review of the time target, given the work
that has been undertaken to reform the
process and the SCC role since mid-2013. A
review during 2015 will give us the benefit
of two years running the flag reporting
system and the data it has provided.
All Phase 1 Training (Recruit Trg) courses
are briefed on the SCC and Service
Complaints.

Status

Annexes

Rec.

12.13

12.14

12.15

Year

2012

2012

2012

Establishment of
Armed Forces
Ombudsman

Powers of SCO
Complaints by
Families

Communication of
SCC Role (RTS)

Subject matter

The MOD should reconsider their decision


and include a mention of the SCC in the
RTS for 2013.
The powers of an Armed Forces
Ombudsman should include complaints by
families of Service personnel about how the
Service person was treated while in the
Services.
An Armed Forces Ombudsman should be
established as part of the Armed Forces
Covenant and the MOD should consult on
the powers and resources of the
Ombudsman to best serve the UK Armed
Forces.

Recommendation

Complete. The Bill currently going through


the Parliamentary process creates an SCO.
The SCC was consulted fully as part of
formulating the new process and role.

Not Accepted. The Bill currently going


through the Parliamentary process confirms
that there will not be a wider role for the
SCO.

In assessing progress against this


recommendation, the Commissioner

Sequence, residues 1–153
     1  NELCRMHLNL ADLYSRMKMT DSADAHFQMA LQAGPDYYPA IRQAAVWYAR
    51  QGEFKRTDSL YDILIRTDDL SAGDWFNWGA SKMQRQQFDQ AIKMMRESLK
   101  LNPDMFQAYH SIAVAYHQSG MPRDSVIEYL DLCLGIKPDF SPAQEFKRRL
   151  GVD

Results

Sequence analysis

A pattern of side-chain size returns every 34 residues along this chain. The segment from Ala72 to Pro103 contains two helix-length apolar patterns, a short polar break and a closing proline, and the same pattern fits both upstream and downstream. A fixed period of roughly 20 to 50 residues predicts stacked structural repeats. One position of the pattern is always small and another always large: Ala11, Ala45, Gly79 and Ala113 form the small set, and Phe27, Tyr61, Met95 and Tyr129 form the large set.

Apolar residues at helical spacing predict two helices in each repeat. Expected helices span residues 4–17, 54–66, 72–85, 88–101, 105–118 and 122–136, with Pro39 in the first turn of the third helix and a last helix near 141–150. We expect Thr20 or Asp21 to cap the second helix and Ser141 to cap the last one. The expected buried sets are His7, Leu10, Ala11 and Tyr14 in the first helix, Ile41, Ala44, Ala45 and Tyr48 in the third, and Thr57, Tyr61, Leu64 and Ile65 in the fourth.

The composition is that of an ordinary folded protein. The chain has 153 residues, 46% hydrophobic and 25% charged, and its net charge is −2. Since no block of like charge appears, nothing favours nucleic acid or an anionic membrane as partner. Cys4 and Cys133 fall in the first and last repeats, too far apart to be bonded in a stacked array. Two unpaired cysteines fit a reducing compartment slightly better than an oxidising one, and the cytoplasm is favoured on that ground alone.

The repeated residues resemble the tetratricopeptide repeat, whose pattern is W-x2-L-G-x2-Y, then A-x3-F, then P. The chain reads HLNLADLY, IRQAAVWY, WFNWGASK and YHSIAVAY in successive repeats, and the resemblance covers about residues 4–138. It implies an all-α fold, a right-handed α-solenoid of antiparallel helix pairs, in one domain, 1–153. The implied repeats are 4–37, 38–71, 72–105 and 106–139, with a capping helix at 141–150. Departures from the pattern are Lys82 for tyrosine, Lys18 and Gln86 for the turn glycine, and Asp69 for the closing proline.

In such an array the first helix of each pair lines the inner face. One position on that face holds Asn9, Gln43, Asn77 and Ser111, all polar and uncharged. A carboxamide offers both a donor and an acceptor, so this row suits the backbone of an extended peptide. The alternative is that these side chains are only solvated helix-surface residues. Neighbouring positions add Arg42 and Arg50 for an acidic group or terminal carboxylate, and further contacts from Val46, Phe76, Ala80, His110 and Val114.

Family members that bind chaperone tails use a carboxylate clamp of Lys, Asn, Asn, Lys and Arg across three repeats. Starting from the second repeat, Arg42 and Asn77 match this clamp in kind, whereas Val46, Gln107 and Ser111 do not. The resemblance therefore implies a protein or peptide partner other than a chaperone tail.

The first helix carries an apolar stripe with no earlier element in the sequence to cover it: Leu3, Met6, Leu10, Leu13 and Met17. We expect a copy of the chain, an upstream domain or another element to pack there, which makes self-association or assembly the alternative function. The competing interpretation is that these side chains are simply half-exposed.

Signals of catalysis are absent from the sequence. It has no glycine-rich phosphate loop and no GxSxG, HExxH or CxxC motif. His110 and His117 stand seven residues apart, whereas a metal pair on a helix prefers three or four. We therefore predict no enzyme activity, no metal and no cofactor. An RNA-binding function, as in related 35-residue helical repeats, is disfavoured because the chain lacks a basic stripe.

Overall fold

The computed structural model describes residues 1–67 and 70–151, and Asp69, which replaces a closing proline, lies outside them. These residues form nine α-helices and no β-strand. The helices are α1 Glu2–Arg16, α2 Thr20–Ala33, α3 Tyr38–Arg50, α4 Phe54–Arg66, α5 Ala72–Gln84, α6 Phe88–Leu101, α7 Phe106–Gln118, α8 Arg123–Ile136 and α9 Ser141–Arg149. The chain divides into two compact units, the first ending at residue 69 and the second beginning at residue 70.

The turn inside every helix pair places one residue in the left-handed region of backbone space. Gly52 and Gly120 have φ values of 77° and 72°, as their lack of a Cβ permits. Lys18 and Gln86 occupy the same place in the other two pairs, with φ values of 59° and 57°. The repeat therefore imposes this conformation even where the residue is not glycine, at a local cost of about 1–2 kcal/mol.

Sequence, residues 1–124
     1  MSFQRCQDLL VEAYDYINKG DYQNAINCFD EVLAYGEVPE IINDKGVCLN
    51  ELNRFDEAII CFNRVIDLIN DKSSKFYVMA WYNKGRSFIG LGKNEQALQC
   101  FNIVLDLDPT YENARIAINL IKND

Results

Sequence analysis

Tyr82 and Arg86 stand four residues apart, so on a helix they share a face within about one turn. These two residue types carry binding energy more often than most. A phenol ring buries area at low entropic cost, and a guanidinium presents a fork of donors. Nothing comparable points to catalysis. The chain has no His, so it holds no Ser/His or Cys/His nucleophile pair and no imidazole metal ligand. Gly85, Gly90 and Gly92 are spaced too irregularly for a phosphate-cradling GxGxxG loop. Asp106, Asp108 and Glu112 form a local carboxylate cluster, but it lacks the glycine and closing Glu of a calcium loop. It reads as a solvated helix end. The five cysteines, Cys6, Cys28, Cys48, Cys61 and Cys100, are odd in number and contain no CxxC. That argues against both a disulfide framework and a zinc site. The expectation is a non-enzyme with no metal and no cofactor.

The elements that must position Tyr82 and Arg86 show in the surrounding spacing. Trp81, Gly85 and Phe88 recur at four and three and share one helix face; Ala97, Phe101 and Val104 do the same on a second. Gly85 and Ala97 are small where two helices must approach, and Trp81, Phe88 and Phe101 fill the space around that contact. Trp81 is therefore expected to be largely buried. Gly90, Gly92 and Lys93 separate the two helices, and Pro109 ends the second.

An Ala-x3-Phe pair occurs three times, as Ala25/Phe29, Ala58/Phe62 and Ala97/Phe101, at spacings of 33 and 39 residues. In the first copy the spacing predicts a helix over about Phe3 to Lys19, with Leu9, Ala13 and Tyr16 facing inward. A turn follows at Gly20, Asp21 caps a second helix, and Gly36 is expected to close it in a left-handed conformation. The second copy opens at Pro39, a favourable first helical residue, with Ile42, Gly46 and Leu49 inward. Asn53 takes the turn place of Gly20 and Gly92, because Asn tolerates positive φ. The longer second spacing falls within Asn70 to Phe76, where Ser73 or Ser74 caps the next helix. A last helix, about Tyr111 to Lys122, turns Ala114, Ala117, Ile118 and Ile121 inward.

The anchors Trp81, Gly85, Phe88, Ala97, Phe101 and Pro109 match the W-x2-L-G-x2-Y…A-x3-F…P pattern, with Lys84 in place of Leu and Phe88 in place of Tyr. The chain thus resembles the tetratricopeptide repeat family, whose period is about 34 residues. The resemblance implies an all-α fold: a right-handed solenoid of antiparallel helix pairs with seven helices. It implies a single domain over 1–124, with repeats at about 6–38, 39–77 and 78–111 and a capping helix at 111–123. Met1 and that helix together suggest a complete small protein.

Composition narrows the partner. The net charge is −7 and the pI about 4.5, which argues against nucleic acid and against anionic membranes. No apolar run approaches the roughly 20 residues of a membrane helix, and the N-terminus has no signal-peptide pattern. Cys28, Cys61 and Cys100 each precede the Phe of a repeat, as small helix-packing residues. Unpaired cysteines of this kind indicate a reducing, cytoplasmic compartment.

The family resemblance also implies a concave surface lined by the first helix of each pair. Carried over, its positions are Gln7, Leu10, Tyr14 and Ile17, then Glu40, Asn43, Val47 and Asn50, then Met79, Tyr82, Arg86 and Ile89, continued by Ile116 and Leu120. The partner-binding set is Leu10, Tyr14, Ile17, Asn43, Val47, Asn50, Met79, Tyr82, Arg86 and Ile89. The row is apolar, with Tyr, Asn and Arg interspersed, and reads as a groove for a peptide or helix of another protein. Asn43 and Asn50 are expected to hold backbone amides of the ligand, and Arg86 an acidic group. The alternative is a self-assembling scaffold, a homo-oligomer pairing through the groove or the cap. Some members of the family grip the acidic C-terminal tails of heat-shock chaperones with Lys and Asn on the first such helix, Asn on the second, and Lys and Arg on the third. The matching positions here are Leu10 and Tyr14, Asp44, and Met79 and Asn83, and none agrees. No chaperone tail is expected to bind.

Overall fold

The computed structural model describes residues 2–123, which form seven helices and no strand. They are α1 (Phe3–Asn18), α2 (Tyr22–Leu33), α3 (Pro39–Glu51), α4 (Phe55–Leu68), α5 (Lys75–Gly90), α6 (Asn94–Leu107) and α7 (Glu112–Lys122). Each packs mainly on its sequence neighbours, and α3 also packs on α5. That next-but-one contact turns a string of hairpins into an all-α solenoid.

reported in her 2013 report that AFCAS
2013 had shown a slight increase in
awareness of the SCC role
Implemented. Aquestion was included in
RTS 14.

MOD progress report in 2014


The RAF have made a huge effort to
communicate the role of the SCC and
Service Complaints to all personnel. This
has come from the Air Force Board, to
AOCs, to all Station/Unit Commanders and
is briefed to all OC Support Wings and their
staffs as they take up post. The RAF have
also added the subject of checks on
registers; JPA usage and Station/Unit
handling to their Annual Assurance review
of Stations/Units; and literature has been
produced and made available.

Status

4
Annexes

51

Rec.
13.3

13.4

13.6

Year
2013

2013

52

2013

Bullying &
Harassment (Army)

Informal Resolution
Standard Template

Subject matter
AFCAS Women &
Minority Ethnic
Personnel/B&H

Recommendation
In view of the small numbers of women
and minority ethnic personnel asked to
complete the Armed Forces Continuous
Attitude Survey, MOD and the Services
should consult with Defence Statistics as to
how to enrich the data collected (for
example by a booster sampling on section
4 of the AFCAS or by way of a separate
survey) so as to be able to get a better
picture of incidence of bullying, harassment
and discrimination across minority groups
in the Services, to compare with diversity
sensitive information on Service
complaints.
There should be a standard template for
informal resolution, for all three Services,
which records the matter complained
about, the action which has been taken to
resolve the complaint informally, any action
which the CO has taken or is going to take
and states the right of the complainant to
make a formal complaint within a specified
time if that action has not been taken.
The Army should give a higher priority to
their work in understanding and eliminating
bullying, harassment and discrimination
and should take a holistic approach similar
to that undertaken by the Australian
Defence Force.
Not accepted. This is linked to the JPA audit